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Doctors not doctrine will cure the NHS

 

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Friday, 3 December 2010

Doctors not doctrine will cure the NHS

The dictionary defines ideology as “the body of doctrine, myth, belief, etc, that guides an individual, social movement, institution, class, or large group”.

Most of the time it is exactly these things that hold us back, make us cling to the outmoded and reject what’s new or different, blind us to our failings and our weaknesses or make us arrogantly insensible to reason and debate.

Fortunately nothing is our fault. Westminster and Whitehall decide our fate, set the rules, configure and reconfigure the system, meddle in our affairs and put obstacles in our way. We soldier bravely on in the best interests of patients, selflessly toiling against the odds and laughing in the face of adversity.

One of our favourite myths, that all the problems of the NHS would be solved if they were left to frontline staff is now being tested. And how have we taken the news of the liberation of the NHS, the stripping back of bureaucracy, the decentralisation of control, the reduction of waste and the focus on patients and outcomes?

Not very well, it has to be said.

Generally speaking, reaction has been of three kinds.

1) It’s not really true. Whatever the government says in the white paper it has a completely different agenda.
2) It’s the right idea but it won’t work. There are too many immovable obstacles in the system, too much vested interest, too many risks, too few rewards – and anyway it’s all been tried before under PBC, PCGs, fundholding.
3) Great, let’s get on with it. (And if we don’t hear so much from the third group it may be because “Doctors line up behind government policy” doesn’t make for very exciting headlines.)

The negative voices have plenty to object to. So, for example, there is no place for competition in the NHS. Or competition is a good thing but the policy won’t deliver it. Or the incentives are missing, misaligned or wrong. There won’t be enough support or people of the right calibre. It’s moving too fast or not fast enough. No one is telling us exactly what to do. Or what the government really means by freedom is what the poultry industry means by free range – you still end up plucked and stuffed.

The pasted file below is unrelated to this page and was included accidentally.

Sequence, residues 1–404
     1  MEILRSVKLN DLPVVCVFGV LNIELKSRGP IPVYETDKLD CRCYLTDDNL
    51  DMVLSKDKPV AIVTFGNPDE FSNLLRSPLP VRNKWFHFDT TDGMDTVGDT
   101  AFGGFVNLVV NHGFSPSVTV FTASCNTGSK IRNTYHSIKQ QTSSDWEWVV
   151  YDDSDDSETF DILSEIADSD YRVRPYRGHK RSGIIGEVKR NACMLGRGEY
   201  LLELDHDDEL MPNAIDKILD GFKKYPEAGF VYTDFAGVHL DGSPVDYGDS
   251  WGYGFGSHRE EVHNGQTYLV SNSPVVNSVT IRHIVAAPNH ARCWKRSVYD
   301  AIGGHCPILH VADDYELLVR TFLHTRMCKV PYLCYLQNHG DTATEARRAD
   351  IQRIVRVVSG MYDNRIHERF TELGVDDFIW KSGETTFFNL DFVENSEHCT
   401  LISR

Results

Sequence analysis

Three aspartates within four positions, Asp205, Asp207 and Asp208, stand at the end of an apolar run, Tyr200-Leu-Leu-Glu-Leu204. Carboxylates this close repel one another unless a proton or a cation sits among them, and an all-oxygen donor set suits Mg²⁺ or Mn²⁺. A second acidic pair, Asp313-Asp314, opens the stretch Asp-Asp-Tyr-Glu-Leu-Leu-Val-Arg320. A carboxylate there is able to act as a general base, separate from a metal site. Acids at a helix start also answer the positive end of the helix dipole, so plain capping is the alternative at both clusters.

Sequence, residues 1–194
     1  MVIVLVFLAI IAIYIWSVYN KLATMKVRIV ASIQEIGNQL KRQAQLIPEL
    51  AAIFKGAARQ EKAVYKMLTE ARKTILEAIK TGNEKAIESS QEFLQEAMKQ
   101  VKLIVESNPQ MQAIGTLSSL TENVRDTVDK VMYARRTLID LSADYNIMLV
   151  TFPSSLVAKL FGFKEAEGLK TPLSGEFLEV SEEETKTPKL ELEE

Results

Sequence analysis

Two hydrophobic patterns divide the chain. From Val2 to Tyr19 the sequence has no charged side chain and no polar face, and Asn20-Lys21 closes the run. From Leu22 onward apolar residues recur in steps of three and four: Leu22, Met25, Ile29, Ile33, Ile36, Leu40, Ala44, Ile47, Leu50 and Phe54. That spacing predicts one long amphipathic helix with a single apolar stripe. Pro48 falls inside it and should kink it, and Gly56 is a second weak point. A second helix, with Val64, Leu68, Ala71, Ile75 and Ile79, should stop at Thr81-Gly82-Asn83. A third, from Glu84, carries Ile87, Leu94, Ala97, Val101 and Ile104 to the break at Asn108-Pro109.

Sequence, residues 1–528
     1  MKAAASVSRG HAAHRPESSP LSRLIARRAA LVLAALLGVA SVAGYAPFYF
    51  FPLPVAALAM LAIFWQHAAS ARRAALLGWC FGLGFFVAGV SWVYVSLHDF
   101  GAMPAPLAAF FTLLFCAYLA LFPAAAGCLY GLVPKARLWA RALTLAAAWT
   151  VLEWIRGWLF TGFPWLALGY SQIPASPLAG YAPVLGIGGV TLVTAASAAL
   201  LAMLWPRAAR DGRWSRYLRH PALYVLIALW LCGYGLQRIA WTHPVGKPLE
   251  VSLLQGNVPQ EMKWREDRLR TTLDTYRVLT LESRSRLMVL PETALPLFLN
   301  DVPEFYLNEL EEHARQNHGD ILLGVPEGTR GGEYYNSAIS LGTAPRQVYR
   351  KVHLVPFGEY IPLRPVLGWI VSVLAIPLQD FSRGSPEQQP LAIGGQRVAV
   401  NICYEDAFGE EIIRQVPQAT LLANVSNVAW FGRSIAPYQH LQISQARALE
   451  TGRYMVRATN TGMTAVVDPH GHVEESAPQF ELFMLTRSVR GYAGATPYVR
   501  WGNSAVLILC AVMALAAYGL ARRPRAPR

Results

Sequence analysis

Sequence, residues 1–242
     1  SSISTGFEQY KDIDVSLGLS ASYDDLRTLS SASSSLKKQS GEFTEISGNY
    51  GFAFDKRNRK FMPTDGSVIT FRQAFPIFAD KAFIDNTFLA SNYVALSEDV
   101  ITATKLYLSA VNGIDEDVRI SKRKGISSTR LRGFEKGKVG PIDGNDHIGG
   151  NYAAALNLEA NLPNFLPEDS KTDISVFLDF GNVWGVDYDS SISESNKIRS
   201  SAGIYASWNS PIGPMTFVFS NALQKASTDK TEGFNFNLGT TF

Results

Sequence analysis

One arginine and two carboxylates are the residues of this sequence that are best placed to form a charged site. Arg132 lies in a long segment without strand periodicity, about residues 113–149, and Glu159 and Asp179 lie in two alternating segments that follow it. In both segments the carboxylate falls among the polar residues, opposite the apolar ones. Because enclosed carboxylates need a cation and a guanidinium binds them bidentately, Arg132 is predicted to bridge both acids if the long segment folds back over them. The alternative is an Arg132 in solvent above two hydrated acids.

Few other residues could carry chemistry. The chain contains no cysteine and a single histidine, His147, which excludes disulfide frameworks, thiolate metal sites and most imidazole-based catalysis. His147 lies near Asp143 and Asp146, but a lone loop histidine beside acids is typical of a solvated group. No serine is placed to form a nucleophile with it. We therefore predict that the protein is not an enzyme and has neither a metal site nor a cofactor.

You can understand some of the practical objections to the policy. It asks tough questions, it’s risky and important pieces of the puzzle are still missing. But there is a much more basic cause of GPs’ anxiety: They are being asked to trade a secure and predictable existence for a trip into the unknown.

You have to sympathise with their trepidation, but it would be surprising and disappointing if the profession didn’t get over it. It would really be very hard to explain why when offered the levers of reform that GPs bottled the opportunity.

What’s missing is a sense of the excitement that GPs are in a position to get it right.

Or perhaps our biggest ideological weakness is a shared belief that the NHS is condemned to permanent failure.

 

 
grajaratnam
grajaratnam says:
Apr 18, 2011 05:55 PM
It will be interesting to find out exactly what is it that will be right if GPs undertake the commissioning?

It may actually be that GPs understand the complexity of health and health care issues and do not feel consident that success (however defined) will come as a consequence of this policy.

Giri Rajaratnam
wxling18@sina.com
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Sep 15, 2011 09:55 AM
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